But I did use the Alta Vista search engine (no Yahoo! or Google yet) to find the web sites and playlists for public and university folk and country radio shows. In the days of 19.2k, 33.6k dialup modems that everyone had, there was no streaming of music online.

You could upload and download mp3’s and then play them through things like Winamp (which I still use sometimes) but the radio stations weren’t part of that. What they did was show you the programs they had scheduled and the playlists of what went out over the air in recent shows by the different DJ’s. (They were using the web to try to push you to the air waves!!) They often had email addresses for their staff.

So I started emailing those DJ’s who were playing songlists that I felt my work would fit in with. I let them know what I was doing as an independent artist with a web site, writing, performing and self-producing CD’s and asked them if I could mail them a disc to audition for their show. They usually said “Wow – you must be crazy and when do you sleep and sure send a disc to me”.

I could then track my work appearing in shows in the US and other places as far away as Hong Kong. I maintained my web page by hand and added radio info and pictures and mp3 downloads as time went by. There were very few rules as to the “right way” to do things…This was still quite a ways off in the future…maybe it still is…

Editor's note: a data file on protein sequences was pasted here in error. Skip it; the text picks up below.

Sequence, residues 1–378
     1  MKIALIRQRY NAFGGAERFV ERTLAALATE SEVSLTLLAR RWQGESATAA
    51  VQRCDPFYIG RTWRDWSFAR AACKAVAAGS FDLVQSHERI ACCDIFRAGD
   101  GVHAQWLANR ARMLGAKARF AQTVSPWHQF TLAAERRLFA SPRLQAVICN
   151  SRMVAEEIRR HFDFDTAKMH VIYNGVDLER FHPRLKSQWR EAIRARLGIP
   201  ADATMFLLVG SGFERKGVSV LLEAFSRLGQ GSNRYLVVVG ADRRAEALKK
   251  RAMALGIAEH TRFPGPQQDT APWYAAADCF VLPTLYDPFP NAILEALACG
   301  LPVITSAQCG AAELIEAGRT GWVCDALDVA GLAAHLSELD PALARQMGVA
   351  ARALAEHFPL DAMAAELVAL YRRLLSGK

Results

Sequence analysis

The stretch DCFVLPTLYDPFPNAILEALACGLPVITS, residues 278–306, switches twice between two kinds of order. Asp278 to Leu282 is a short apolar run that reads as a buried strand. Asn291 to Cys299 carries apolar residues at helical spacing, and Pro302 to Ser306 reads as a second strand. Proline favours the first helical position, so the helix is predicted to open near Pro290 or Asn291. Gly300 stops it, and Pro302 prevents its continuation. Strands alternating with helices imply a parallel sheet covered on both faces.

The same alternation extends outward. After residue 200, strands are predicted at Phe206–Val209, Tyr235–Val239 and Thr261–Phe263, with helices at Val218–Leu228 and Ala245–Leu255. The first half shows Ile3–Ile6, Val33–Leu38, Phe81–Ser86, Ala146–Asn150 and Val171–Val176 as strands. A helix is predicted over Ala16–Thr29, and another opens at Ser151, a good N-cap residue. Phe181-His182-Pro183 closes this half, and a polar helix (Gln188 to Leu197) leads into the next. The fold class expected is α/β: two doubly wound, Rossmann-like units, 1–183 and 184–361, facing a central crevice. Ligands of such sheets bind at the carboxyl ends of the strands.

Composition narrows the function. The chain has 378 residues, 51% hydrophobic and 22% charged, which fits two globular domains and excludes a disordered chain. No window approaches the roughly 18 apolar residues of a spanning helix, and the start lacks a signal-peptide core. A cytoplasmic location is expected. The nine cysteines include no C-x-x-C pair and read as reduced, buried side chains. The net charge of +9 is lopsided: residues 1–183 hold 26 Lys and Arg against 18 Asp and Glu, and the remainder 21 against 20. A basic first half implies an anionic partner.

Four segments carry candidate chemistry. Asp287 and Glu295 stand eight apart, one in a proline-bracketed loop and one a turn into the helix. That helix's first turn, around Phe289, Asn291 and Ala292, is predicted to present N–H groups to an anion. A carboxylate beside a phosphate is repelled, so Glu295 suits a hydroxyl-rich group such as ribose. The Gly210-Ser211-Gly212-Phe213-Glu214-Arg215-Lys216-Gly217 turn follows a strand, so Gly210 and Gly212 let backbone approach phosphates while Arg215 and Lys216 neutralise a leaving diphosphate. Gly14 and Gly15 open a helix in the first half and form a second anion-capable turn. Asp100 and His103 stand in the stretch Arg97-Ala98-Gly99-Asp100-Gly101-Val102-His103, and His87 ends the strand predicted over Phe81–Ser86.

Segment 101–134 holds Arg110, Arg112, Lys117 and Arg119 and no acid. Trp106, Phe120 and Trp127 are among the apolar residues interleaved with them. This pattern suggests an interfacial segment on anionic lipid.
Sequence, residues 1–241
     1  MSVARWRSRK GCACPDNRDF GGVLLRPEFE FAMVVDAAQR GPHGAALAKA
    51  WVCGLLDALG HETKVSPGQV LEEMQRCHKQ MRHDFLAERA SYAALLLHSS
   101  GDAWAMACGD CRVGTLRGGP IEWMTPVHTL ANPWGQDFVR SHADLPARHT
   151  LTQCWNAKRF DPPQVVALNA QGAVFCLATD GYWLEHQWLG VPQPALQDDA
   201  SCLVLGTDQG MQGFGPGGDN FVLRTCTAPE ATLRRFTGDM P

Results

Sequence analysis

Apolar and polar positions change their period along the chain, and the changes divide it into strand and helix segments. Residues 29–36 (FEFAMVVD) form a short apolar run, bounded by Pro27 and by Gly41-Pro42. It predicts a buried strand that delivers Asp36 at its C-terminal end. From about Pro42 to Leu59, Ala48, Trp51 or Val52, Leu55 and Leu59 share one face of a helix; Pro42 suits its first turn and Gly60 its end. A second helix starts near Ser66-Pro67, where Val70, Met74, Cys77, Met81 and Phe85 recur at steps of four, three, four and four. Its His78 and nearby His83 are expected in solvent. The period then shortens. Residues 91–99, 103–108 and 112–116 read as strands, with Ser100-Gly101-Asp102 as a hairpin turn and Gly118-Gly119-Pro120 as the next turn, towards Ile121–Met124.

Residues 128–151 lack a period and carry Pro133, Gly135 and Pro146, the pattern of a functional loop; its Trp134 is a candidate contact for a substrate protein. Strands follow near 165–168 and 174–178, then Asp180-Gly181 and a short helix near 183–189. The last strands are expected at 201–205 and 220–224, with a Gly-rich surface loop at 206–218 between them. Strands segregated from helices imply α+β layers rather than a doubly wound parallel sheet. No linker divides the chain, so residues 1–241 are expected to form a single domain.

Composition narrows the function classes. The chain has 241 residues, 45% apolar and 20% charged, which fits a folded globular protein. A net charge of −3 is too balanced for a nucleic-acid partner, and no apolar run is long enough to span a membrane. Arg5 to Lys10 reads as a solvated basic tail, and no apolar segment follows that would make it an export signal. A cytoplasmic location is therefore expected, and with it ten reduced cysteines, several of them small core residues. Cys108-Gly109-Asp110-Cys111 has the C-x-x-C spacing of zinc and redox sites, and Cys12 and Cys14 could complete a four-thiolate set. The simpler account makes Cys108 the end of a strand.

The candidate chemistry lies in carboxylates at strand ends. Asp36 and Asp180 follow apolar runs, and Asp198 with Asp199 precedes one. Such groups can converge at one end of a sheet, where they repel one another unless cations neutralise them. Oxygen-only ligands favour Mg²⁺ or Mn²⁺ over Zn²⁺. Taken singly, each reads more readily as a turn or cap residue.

MP3.com went online in 1997. It let anyone upload their music to the web to be accessed by the universe of listeners, many of which were also artists. I was in heaven!

I don’t remember any other artist songs as covers or copies like the YouTube of today. I remember all this original music. Maybe I’m glorifying it, I don’t know.

Before too long there were a million songs online at MP3.com from independent artists like me. By 1999 MP3.com went public and all the artists online there were offered an IPO price on some (small) number of shares of the stock. Good times!

A shared music platform with free exchange of styles and motivations. Too good to be true? Yep…MP3.com produced some very big rumblings in the record industry that was sitting back watching music being given away…. lawsuits and the rest followed as MP3.com departed. (It first got locked in a drawer by Vivendi, then went to CNET and exists today in another form.)


… Napster (free) … iTunes (not!)  …

In the wake of MP3.com, Napster and others, there emerged a new unfolding of the retail motherlode of digital downloads…iTunes. I had been online almost 10 years with free MP3 music downloads at that point.  But suddenly there was this very huge RETAIL thing looming in front of the independent artists. CDBaby took us (lowly unsiged artists) to that front door, and all the other OMD doors…